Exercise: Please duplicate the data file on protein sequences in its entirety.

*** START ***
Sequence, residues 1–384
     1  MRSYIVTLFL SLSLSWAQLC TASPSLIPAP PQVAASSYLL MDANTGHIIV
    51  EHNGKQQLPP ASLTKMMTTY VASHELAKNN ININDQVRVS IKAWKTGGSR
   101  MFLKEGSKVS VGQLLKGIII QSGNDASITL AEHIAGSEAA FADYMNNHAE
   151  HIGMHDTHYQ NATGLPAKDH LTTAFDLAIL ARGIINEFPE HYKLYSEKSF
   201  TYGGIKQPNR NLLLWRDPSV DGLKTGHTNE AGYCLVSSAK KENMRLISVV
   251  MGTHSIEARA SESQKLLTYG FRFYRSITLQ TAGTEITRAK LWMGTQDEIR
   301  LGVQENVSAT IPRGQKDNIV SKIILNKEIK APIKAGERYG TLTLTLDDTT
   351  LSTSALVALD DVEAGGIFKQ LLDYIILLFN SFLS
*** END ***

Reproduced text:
Sequence, residues 1–384
     1  MRSYIVTLFL SLSLSWAQLC TASPSLIPAP PQVAASSYLL MDANTGHIIV
    51  EHNGKQQLPP ASLTKMMTTY VASHELAKNN ININDQVRVS IKAWKTGGSR
   101  MFLKEGSKVS VGQLLKGIII QSGNDASITL AEHIAGSEAA FADYMNNHAE
   151  HIGMHDTHYQ NATGLPAKDH LTTAFDLAIL ARGIINEFPE HYKLYSEKSF
   201  TYGGIKQPNR NLLLWRDPSV DGLKTGHTNE AGYCLVSSAK KENMRLISVV
   251  MGTHSIEARA SESQKLLTYG FRFYRSITLQ TAGTEITRAK LWMGTQDEIR
   301  LGVQENVSAT IPRGQKDNIV SKIILNKEIK APIKAGERYG TLTLTLDDTT
   351  LSTSALVALD DVEAGGIFKQ LLDYIILLFN SFLS